So my first relevation was how to add unconstrained relationships (no foreign key constraint, simply a way to navigate the data). Since the designer does not allow this, I looked at the .xsd and found that the DataSet handles this with a schema annotation:
<xs:schema> <xs:annotation> <xs:appinfo> <msdata:Relationship name="ta2t" msdata:parent="titleauthor" msdata:child="titles" msdata:parentkey="title_id" msdata:childkey="title_id" /> </xs:appinfo> </xs:annotation> </xs:schema>
The five pieces of data in the
msdata:Relationship element are the four pieces of data required when setting up a relationship. Pretty simple huh!
I hear from a lot of readers that they are creating 3-tier ASP.NET apps and I always wonder if they know where the middle tier is.
In my opinion, the web server is the middle tier and client tier is the browser. Creating another set of machines to host the data layer isn't really necessary and, in fact, hosting the data layer on the web server is easier to scale. We know how to scale out web servers. Inventing a new set of machines forces you to figure out how to scale them out and it does not increase your scalability by scaling out both the web server and a fourth tier.
If you disagree, please e-mail me and let me know what you think.
I hope I am not the only one who missed the magic of CTRL-SHIFT-V. I have bungled about with copy-paste in the editor so many times...I accidently hit CTRL-C instead of CTRL-V and copy an empty line instead of pasting my code...Arg! Now I know to just hit CTRL-SHIFT-V and pick my lost copy from the clipboard ring.
Now its got me wondering what else I have missed. If you have a favorite hidden treasure, could you e-mail at firstname.lastname@example.org and I will post them in an upcoming rant.
After complaining to MS guys for over a year, it seems that they've finally opened up their Visual Studio Integration Program (VSIP). For those of use that have wanted to dig in deeper into VS.NET and fix some of the annoyances, this is great news.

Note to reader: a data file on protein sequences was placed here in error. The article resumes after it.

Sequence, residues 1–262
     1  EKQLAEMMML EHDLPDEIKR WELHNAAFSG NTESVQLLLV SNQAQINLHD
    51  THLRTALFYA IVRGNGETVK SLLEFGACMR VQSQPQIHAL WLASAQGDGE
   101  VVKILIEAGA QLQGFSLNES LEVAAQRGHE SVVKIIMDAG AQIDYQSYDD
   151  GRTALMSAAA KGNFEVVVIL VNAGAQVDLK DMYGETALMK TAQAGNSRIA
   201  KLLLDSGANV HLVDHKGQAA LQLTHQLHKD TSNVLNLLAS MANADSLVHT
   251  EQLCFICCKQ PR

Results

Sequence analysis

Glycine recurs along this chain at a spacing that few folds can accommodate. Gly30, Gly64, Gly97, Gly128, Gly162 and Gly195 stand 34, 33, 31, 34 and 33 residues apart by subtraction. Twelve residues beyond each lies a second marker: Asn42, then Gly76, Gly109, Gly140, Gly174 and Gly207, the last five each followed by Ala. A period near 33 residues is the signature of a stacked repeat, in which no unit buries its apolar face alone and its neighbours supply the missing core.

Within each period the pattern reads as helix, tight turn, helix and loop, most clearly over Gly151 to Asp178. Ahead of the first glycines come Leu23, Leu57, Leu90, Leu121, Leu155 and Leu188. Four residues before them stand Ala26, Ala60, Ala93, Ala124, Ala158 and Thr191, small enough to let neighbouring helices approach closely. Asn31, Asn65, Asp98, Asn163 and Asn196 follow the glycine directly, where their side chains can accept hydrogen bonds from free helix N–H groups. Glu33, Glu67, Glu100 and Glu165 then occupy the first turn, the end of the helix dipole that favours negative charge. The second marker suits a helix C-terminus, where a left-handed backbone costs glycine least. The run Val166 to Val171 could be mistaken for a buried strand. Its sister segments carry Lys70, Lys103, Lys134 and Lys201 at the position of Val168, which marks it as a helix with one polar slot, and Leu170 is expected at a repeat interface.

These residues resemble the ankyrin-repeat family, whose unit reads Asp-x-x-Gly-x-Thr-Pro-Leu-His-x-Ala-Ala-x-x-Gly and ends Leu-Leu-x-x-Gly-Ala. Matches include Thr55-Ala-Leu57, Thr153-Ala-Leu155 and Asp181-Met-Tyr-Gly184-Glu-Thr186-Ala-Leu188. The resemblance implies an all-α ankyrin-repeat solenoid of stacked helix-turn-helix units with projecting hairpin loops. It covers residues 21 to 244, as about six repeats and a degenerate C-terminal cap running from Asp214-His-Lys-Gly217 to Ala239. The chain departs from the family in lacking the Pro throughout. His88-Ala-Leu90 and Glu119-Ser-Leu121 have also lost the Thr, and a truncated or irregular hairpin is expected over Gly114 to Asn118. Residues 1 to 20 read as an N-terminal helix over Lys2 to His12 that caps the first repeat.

It looks like they've tiered the support (here). With the new Affiliate level support, it allows us shareware/free developers to join the program and get newsgroup level support for free. Thank you Microsoft. This is definitely the right direction.
I ran into this article about using Ink Blots to make passwords on Microsoft Research's site and it got me thinking about security and privacy. I think the only bastion of true privacy these days is in the mind. Social Security #'s, mothers maiden names, pet names...its all just demographic data that is in the wide open. So for the common user, trying to remember a strong password (numbers, letters and punctuation) is just too hard.
Maybe Biometrics are the answer. Fingerprints can't be faked...or can they be? Maybe not by the casual user, but they can be faked. Anyone who got arrested for a petty infraction has their fingerprints in the 'system'.
When I saw the recently announcement on MSDN about Quake II in Managed C++ I got very excited. A port to Managed DirectX? Nope...
As the white paper on the project attests, the real magic of the project is an integration of Managed and Unmanaged code. By mixing the Unmanaged Quake II C/C++ code with new Managed code that provides a heads up display, Vertigo Software has proved how well Managed C++ can integrate Managed and Unmanaged code.